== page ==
AFL-CIO President Applauds Obama Bureaucrats

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Kudos Go to NLRB Members For ‘Encouraging’ Monopolistic Unionism

The four current members of the powerful National Labor Relations Board (NLRB), all appointed or reappointed by President Barack Obama, are poised to make a series of major decisions expanding forced unionism over the next few months.

Richard Trumka, president of the AFL-CIO union conglomerate, is licking his chops at this prospect — and it’s no mystery why he and other union kingpins are eager to see the Obama NLRB reinvent the federal rules for unionization campaigns.

Chairman Wilma Liebman, an NLRB veteran first appointed to the agency in 1997 by then-President Bill Clinton and elevated to the leadership position by Mr. Obama in 2009, is an ex-Teamster union lawyer. And Obama appointees Craig Becker and Mark Pearce both come out of union legal ranks.

More important, Ms. Liebman, Mr. Becker, and Mr. Pearce have all already demonstrated a willingness to go well beyond the pro-forced unionism letter of federal labor law to make it as difficult as they can for independent employees and businesses to avoid union monopoly control.

Federal Labor Law Itself Tramples Freedom of Independent-Minded Workers

Only one current NLRB member, former GOP Senate staffer Brian Hayes, has shown any real reluctance to rewrite the provisions of the National Labor Relations Act (NLRA) whenever they turn out to be inconvenient for union organizers.

But Mr. Hayes is evidently destined to be perpetually outvoted by the three forced-unionism zealots who now sit with him on the Board. (The fifth NLRB seat remains vacant as this month’s Right to Work Newsletter goes to press.)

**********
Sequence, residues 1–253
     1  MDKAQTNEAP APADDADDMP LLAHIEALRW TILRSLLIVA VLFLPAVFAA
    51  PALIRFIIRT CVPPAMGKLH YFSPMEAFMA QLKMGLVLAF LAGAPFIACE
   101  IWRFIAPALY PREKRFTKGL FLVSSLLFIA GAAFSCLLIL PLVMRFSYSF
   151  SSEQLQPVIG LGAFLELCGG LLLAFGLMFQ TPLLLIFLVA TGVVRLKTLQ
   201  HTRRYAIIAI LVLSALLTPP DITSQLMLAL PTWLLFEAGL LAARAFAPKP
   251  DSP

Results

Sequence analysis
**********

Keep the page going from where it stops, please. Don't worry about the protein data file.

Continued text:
Even were it implemented as it is written, the decades-old NLRA would be an inveterate enemy of the American employee’s freedom to make personal decisions about unionism.

The NLRA explicitly provides that, when one more than half of employees, among those expressing an opinion, favor unionization, all employees may legally be forced to accept a particular union as their “exclusive” (monopoly) bargaining agent with regard to terms and conditions of employment.

Monopoly bargaining, sanctioned under the NLRA, denies employees who don’t want any union (or at least one particular union) the freedom to negotiate directly with their employer (or through another union).

This is not a case of “majority rule.” The fact is, when a majority of workers oppose unionization, the NLRA as interpreted by federal courts permits the minority of workers who want a union to select a union to negotiate contracts for members only.

But workers who oppose unionization are, when they are in the minority, denied the freedom to remain free of monopolistic unionism.

The NLRA also empowers union officials, except those whose coercive privileges are checked by a state Right to Work law, to browbeat employers into agreeing to fire employees who refuse to join or pay dues or fees to a union they don’t want.

However, as biased as federal labor law is, it hasn’t, especially in recent years, helped Big Labor acquire and maintain monopoly control over nearly as many private-sector workers as union officials and their political allies deem sufficient.

That’s why Mr. Trumka and company are now looking to the NLRB to grease the skids for thousands of additional Big Labor workplace takeovers.

‘Electronic’ Voting Would Facilitate ‘Card Check’-Style Abuses

On January 19, the AFL-CIO czar explained why he is so looking forward to seeing the Obama NLRB in action: